As for book skulls, I would preferably beetle clean them, dry for the approved time frame and then get them scored. Cleaning can be done after that.

    Also don't fear the Advanced Search. Learn to use that and you will be reading forever.
     
  8. HuntersUnion

    HuntersUnion Member

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    Nothing happens on my schedule haha :'(

    I have spent many hours reading old posts and have gained a ton of info that way. There are a lot of different opinions and things seem to be evolving over the years. Sorry if my post was repetitive.

    Thanks for the help.

    Back to the degreasing, story of my life ;D
     
  9. HuntersUnion

    HuntersUnion Member

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    The bear your working on She Wolf, it was cleaned poorly before and now your redoing?

    Can you do this if he skull has a clear coat on it? I was thinking a soak in the acetone first to remove the finish. Then degrease as usual?????

    I was brought a really old polar bear but it has some kind of glue and clear coat on it. Owner says its from the 20s but I said no for fear of damaging it more than it already is.
     
  10. Sea Wolf

    Sea Wolf Well-Known Member

    Yes, the Russian bear was probably boiled and never really degreased. I should have taken pictures before I started. As for clear coat, acetone will remove most of them or soften others enough that you can peel it off. A whale skull I had was quite dirty and growing mold. I degreased it again and then into peroxide. It had a sealer on it that I did not remove. The degreasing seemed to go ok but when I put it into the peroxide, the coating bubbled up all over. Lots of blisters everywhere. As it dried, most of the blisters went back down. I simply rubbed the surface with acetone on a rag and everything is fine again.
     
  11. HuntersUnion

    HuntersUnion Member

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    Oh good to know. I would like to start redoing some of my first skulls but I clear coated them. Its water based, I imagine it will come off easy.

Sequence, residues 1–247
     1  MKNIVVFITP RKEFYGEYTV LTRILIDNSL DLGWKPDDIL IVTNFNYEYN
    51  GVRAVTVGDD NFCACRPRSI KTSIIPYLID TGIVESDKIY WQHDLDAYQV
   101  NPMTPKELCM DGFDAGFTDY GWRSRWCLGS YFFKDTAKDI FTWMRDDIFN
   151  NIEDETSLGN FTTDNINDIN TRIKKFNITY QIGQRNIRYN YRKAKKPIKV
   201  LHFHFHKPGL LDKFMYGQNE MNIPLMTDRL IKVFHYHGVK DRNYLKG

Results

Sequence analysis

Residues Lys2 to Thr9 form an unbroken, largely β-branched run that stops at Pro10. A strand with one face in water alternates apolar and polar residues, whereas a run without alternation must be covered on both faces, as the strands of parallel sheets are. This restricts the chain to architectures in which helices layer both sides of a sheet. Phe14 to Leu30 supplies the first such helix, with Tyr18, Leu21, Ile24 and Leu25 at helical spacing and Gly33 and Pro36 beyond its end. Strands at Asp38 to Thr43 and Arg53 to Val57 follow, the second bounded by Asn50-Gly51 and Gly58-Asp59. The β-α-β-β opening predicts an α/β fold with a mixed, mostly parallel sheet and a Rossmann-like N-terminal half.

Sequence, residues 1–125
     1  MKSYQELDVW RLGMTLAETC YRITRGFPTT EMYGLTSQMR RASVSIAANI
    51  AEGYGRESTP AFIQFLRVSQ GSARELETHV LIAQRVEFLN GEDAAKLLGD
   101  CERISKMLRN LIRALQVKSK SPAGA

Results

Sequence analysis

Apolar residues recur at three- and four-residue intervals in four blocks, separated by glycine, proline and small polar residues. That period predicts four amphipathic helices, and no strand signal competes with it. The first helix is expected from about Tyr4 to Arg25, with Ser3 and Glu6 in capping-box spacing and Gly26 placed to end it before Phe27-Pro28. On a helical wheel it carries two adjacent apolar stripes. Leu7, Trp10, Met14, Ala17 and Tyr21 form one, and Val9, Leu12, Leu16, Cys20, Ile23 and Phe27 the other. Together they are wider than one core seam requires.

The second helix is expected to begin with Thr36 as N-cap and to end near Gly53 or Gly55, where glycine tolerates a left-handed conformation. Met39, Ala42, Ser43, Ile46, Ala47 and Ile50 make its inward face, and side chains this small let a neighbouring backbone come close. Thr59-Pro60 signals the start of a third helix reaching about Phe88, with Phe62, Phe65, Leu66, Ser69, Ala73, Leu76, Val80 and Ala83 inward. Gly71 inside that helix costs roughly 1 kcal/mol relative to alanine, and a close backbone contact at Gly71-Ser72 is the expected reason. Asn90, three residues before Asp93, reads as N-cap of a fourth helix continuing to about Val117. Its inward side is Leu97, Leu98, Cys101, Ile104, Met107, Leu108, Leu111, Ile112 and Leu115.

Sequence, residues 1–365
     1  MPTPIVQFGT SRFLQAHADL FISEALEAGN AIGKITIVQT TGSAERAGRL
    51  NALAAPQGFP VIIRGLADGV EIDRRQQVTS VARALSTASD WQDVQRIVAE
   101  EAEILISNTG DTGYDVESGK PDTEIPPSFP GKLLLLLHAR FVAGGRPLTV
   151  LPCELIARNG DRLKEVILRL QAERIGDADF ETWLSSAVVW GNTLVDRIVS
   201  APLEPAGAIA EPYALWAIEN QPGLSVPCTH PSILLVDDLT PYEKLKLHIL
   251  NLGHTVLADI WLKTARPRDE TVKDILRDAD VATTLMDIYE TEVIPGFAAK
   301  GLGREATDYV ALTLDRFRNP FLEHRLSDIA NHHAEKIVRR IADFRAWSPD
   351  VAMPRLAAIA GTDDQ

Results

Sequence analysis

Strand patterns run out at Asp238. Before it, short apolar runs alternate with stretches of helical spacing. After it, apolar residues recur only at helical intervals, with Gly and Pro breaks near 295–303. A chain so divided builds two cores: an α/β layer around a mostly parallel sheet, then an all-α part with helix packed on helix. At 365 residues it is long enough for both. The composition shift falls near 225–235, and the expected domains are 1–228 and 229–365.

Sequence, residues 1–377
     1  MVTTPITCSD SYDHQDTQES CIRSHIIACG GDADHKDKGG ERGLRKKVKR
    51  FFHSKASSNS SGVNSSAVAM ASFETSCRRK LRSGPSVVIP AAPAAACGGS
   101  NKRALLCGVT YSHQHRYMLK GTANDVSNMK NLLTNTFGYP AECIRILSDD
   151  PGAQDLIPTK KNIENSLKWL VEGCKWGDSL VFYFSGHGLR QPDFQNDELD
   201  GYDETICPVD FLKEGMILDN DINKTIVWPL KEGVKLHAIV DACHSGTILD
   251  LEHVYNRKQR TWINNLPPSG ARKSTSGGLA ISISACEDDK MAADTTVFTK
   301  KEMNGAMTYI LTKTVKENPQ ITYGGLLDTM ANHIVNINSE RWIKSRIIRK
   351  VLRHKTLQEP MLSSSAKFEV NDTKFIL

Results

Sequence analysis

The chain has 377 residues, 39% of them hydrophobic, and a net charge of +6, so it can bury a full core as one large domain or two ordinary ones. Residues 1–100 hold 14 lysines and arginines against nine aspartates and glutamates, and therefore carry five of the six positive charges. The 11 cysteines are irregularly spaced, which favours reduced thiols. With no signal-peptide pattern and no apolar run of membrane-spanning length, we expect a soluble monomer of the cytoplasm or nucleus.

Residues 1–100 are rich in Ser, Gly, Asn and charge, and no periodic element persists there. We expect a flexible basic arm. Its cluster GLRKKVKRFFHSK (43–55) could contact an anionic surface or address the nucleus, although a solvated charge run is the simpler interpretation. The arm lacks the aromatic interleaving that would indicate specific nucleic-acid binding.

My biggest struggle right now is keeping fish tank heaters running. They keep burning out. I don't feel safe running the bucket heater in my basement. With the awkward size and shape of the moose and caribou I'm working on it's the only method I've got. They barely get the water up to 115 and I have burnt out 3 since Nov :mad: Guess I better get the hubby on a "Caveman" set up.
    What a learning process, I am getting the hang of rotting off horns. Buffalo are next up for degreasing, should be fun.
    How long have you been cleaning skulls She Wolf?
     
  12. Sea Wolf

    Sea Wolf Well-Known Member

    For the fish tank heaters, some care is necessary. When you go to work with anything, unplug the heaters but do NOT remove them from the water. Wait for 15 min before you do. When you return them to the containers, wait 15 min before you plug them in. Also avoid cold water to start them in and allowing the water level to get too low. I have 10 Aqueon heaters now and I have only lost one. Another thing to watch for is that the element part of the heater isn't right up against anything under the surface. I have some older ones that I still use and they are at least 8 years old. I do not remember the brand but there is an outer shell of plastic/resin protecting the glass and they have held up well.

    Another thing you need to do is insulate your containers. Use anything you can find. Blankets, house insulation, bubble wrap, anything you can use to hold in the heat.
     
  13. HuntersUnion

    HuntersUnion Member

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    Ok I will start doing that with the heaters. Great to hear that they can last that long, I was ready to give up on that method.
    When I get some pictures on my computer I will post pics of my tank, I'm pretty proud of it and I haven't seen anyone do it the way I have.